Once the Q&A session starts, a student asks why universities are holding on to their ties to Israeli universities “even though this gives them a bad reputation”. The event’s host, Layal Ftouni, says: “We have two members of the Executive Board here, so why don’t we ask them?” Rector Henk Kummeling replies: “We don’t even dare argue with the facts Wind has presented. For me, one of the most important questions here is: do Israeli universities have the power to transform themselves? I don’t think all our colleagues in Israel support what is going on.”

The event’s host, Layal Ftouni. Photo: DUB

The event’s host, Layal Ftouni. Photo: DUB

 The rector stresses that UU wants to be transparent, which is why it will publish an updated list of collaborations with Israel this weekend. “We are also going to look once again at whether or not these partnerships meet our standards in terms of human rights.” The rector then adds that the Executive Board doubts that severing all ties with Israel would be the best solution. “We did that with Russia, under the request of the EU and the Dutch government, and we now see the terrible results of that.”

He is interrupted by a student, who shouts: “You’re not answering the question!” to which Kummeling replies: “I am answering the questions I wanted.” The audience laughs and shakes their heads in disapproval. Nevertheless, the board members are applauded for their presence. 

Executive Board member Henk Kummeling. Photo: DUB

Executive Board member Henk Kummeling. Photo: DUB

The panellists then jump in to counter Kummeling’s arguments. Wind says: “I hear repeatedly on campuses everywhere this concern for the wellbeing of Israeli academics, but no such empathy is extended to Palestinian academics. This is something we should be attentive to.” 

She then quotes the head of Israel’s National Security Institute, who, according to her, said in the Israeli media that “international collaborations and ties are the oxygen of Israeli universities and Israeli universities are the oxygen of the military”. Finally, she underscores that there is a historical precedent of academic boycotts working (against South Africa during Apartheid, for example). Teary-eyed, a UU teacher from South Africa in the audience says: “I wouldn’t be here if students hadn’t mobilised.”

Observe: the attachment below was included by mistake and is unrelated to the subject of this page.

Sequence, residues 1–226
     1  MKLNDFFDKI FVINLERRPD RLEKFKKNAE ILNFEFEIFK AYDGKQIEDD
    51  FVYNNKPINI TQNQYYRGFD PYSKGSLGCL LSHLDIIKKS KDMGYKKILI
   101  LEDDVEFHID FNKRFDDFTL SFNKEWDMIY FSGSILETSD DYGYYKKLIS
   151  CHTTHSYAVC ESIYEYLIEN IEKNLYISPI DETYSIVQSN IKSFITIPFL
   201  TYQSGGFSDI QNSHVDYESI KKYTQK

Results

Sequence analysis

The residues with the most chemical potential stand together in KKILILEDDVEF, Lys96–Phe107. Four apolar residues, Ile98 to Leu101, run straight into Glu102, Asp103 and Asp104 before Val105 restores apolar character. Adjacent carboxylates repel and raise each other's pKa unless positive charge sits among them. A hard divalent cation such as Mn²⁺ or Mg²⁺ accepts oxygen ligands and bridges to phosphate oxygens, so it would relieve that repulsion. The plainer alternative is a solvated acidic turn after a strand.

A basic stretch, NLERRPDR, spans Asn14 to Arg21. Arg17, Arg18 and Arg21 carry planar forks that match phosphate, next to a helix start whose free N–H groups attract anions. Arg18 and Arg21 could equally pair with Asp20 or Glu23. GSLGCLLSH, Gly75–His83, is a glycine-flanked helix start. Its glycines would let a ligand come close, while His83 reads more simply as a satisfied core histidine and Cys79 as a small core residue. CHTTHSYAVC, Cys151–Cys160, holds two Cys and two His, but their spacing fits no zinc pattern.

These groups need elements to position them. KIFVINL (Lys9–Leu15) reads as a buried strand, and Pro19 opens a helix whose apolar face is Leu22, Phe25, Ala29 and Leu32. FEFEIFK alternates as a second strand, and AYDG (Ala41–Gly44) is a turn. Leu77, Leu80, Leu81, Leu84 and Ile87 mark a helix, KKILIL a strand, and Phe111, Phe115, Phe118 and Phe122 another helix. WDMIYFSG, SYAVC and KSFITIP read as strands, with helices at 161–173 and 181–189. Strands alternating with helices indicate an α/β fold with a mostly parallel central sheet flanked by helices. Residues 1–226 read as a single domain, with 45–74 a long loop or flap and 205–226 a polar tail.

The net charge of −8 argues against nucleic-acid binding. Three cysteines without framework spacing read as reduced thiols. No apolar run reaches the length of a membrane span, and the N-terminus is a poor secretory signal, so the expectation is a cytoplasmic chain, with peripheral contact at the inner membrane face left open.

The panellists and the audience take turns arguing against the Executive Board members. Outnumbered, they take the punches mostly in silence. Englert says UU only regrets breaking up with Russian universities because it “set a complicated precedent.” One student sees a “lack of moral leadership” at UU, while another one wonders why the decision lies entirely in the hands of three people. “Don’t follow the lead of the government. Take the lead!” says another. Kummeling reiterates that “this is a learning opportunity, also for us on the board. Allow us to at least digest the information we gathered this evening.” Van de Wal retorts: “This has been going on for 75 years and you haven’t learned yet? There are many scholars in this university studying just that. Do your research!”

The atmosphere gets tense and the event’s host, Layal Ftouni, decides to end the session, but not before addressing the Executive Board herself. She announces an expanded list of demands. The protesters would like representatives of students and staff to have a seat at the table in the process of re-examining the partnerships. They would also like the conclusions of this reassessment to be made public before the summer break. Additionally, the group wants the university to apologise for deploying the police last week and provide psychological support to students who have been physically harmed. The two board members didn’t react to the new demands.